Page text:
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Doctors as expert witnesses
  1. JANE WYNNE, Consultant Community Paediatrician
  1. Belmont House, Clarendon Wing
  2. Leeds General Infirmary, Leeds LS2 9NJ, UK

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    Editor,—Most doctors do not like giving evidence in court, and giving an opinion is becoming more difficult as advocates appear to be increasingly hostile, and judges non- interventional. As care courts have become more adversarial it may be easier to appear as a witness in the criminal court where the rules of evidence are clear. Following the Children Act 1989 the emphasis was to be inquisitorial with “ . . .the child’s welfare is paramount” as the fundamental tenet.

    Contrary to this concept of the Children Act a group of doctors exists who do not appreciate the need to give evidence in an even handed way and to give all the evidence without omissions (Re AB1 and Re R2).

    The Expert Witness Group3 was established to make clear a doctor’s credentials, training, practice, and research interest. A standard form is available to the courts which clarifies the doctor’s expertise.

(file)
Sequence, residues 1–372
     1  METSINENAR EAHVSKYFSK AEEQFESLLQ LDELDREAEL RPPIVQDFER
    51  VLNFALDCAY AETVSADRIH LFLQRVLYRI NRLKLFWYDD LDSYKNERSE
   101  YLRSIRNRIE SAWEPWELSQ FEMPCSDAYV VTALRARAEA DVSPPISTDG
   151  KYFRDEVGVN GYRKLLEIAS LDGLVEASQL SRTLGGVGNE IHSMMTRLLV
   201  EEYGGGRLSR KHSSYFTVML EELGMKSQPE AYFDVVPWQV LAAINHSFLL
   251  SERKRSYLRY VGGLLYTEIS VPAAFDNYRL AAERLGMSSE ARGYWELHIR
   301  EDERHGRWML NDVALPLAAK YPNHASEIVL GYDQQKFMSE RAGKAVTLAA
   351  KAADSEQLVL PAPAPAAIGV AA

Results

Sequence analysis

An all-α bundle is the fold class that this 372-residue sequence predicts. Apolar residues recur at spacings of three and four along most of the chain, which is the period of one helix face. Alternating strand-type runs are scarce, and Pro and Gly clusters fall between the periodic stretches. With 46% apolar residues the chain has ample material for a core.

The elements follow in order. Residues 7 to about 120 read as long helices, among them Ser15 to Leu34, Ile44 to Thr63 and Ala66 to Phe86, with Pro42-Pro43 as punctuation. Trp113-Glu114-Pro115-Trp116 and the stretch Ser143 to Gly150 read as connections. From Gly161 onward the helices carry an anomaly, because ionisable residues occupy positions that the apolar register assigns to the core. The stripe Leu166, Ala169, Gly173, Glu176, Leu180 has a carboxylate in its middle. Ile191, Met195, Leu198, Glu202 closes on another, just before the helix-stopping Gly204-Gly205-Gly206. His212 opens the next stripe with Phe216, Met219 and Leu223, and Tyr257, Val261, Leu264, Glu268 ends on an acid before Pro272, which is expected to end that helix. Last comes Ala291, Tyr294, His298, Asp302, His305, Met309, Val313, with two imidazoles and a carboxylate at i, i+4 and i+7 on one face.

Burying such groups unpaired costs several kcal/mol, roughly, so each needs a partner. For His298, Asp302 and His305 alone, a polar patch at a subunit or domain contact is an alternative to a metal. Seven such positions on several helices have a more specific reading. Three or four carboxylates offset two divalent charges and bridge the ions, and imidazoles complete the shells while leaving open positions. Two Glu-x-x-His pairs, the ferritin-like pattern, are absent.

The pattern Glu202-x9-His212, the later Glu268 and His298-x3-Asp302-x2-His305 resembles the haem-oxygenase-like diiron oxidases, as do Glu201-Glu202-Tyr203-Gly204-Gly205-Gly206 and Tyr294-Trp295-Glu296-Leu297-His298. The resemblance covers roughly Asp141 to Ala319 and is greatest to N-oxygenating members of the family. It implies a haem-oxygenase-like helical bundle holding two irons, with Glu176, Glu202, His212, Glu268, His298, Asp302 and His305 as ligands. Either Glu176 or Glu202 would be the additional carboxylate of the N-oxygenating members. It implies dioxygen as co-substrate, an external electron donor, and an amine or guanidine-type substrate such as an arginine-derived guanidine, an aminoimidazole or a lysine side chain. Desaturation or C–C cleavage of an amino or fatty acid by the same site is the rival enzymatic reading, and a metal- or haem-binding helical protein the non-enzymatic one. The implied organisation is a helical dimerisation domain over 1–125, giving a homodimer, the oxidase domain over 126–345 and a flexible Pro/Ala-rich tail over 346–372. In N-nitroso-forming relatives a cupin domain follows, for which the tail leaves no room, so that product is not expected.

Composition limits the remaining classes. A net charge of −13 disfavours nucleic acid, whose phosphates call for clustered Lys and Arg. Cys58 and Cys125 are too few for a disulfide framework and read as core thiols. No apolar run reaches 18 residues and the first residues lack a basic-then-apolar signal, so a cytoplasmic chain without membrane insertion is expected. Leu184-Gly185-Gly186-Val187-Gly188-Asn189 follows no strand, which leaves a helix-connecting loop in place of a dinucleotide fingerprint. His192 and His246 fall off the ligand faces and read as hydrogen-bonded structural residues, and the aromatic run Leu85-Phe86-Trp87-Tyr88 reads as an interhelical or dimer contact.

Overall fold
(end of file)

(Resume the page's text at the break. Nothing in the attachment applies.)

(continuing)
The pretrial meetings in care proceedings aim to clarify and simplify medical opinion to smooth the legal proceedings4 and “reduce or obviate the need to attend court”. A schedule of agreement and disagreement is drawn up, there may be no significant differences of opinion yet the doctors are still called to court. Why meet, one wonders? There is a debate as to who should chair these meetings (I do not know any practising doctor with the time and secretarial back up to undertake this work).

    It is galling that the courts take doctors’ time so casually; often spending hours in the witness box—often far longer than with the child and family. What can be done?

    the full implementation of the Pigot report5 would allow more children to be heard in criminal proceedings
    universal introduction of the Expert Witness Group’s form would clarify the expertise of the witness
    pretrial liaison is useful but only if there is a reduction in doctors’ hours in court
    referral of more cases to lower courts to be heard by appropriately trained magistrates
    more joint training between paediatricians and advocates (at all levels). With more discussion and training paediatricians will become better advocates for children.

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